Shareholder Ratification for Directors’ Breach of Duty

[Rajat Maloo is a III year B.A., LL.B. (Hons.) student at the National Law School of India University, Bangalore]

Common law provides that those to whom duties are owed may release those who owe the duties from their legal obligations. In the corporate law context, this principle has been applied by courts in cases where shareholders ratified directors’ breaches of duties. However, various difficulties may arise in deciding to what extent and until when shareholders have the authority to ratify such breaches. One such scenario is when creditors’ interests interfere with shareholders’ interests when a company is nearing insolvency. In such a case, can shareholders ratify directors’ breach of duty? The answer to this question is in the negative as I explain by, first, understanding the nature of directors’ duties and the breaches which can be ratified by shareholders during solvency; secondly, analysing the shift in directors’ duty when the company is on the verge of insolvency; and lastly, explaining why shareholders cannot ratify breaches at that stage.

Directors’ Duties and Ratification in a Solvent Company

Ratification is a procedure through which an irregularity in the running of the company is sanctioned by the shareholders and a director is absolved from his or her personal liability to the company arising from a breach of duty. To appreciate the effect of shareholder ratification and when it is permissible under law, one has to understand the nature of the duty breached.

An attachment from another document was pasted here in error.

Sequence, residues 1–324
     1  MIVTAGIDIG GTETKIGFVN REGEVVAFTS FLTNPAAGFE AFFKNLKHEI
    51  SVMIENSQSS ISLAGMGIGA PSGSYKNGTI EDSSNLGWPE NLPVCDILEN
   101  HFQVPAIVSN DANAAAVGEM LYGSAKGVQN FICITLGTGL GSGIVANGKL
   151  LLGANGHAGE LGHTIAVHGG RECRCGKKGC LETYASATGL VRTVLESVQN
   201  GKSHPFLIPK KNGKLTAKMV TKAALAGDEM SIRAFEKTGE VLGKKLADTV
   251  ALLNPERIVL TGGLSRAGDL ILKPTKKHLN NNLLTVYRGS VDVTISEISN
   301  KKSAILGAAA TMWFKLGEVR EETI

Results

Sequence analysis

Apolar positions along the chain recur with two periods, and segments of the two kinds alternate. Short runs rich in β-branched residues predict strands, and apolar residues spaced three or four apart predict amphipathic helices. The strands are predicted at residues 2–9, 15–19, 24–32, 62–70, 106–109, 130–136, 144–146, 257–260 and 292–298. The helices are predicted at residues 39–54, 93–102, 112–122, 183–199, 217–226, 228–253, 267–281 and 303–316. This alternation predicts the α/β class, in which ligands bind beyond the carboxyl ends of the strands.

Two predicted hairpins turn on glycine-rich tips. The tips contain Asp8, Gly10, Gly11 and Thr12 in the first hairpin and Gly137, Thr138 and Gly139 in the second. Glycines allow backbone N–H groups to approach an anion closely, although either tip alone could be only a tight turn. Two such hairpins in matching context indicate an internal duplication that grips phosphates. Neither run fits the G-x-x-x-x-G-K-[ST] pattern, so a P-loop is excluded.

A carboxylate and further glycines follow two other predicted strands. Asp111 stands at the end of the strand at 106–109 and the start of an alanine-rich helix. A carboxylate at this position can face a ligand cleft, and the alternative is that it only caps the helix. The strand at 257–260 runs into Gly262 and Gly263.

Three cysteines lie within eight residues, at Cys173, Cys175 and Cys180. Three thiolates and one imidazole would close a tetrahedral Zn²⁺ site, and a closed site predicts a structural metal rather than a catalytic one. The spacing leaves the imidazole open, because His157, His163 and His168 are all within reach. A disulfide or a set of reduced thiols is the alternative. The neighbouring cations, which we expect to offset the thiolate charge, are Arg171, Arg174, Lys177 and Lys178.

Traditionally, directors of a company in common law owe two kinds of duties, namely, fiduciary duties and duties of care. These duties entail that the directors act in the best interests of the company and its shareholders. In cases of breach, shareholders may absolve, by ratification, the directors of their liability. This is permissible because during solvency the interests of the company are equated with those of its shareholders. The proprietary interests of the shareholders entitle them to be collectively regarded as ‘the company’ when questions of the duty of directors arise.

Shareholders can ratify only certain kinds of breaches. This means adopting, where a director lacked authority to transact on behalf of the company, or affirming, where a transaction entered into by a director was voidable. Certain breaches such as fraud committed by directors, however, are non-ratifiable breaches. This post shall only be concerned with traditionally ratifiable breaches.

With developments in corporate law and the increasing need to protect other stakeholders, the duties imposed upon the directors have been widened. Unlike the erstwhile Companies Act, 1956 in India, the present Companies Act, 2013 under section 166 provides that the directors have a duty to act in the ‘…best interests of the company, its employees, the shareholders, the community and for the protection of the environment’. The Companies Act, 2006 in the United Kingdom (UK) also has a provision that codifies directors’ duties. Although the statute in India does not specifically provide for directors to act in the creditors’ interest, a question arises whether they have the duty to protect creditors’ interests when the company is nearing insolvency. In the next part, I will use principles emanating from common law cases to show that when the company is nearing insolvency, directors also owe a duty to take into account interests of creditors of the company.

When Company is Nearing Insolvency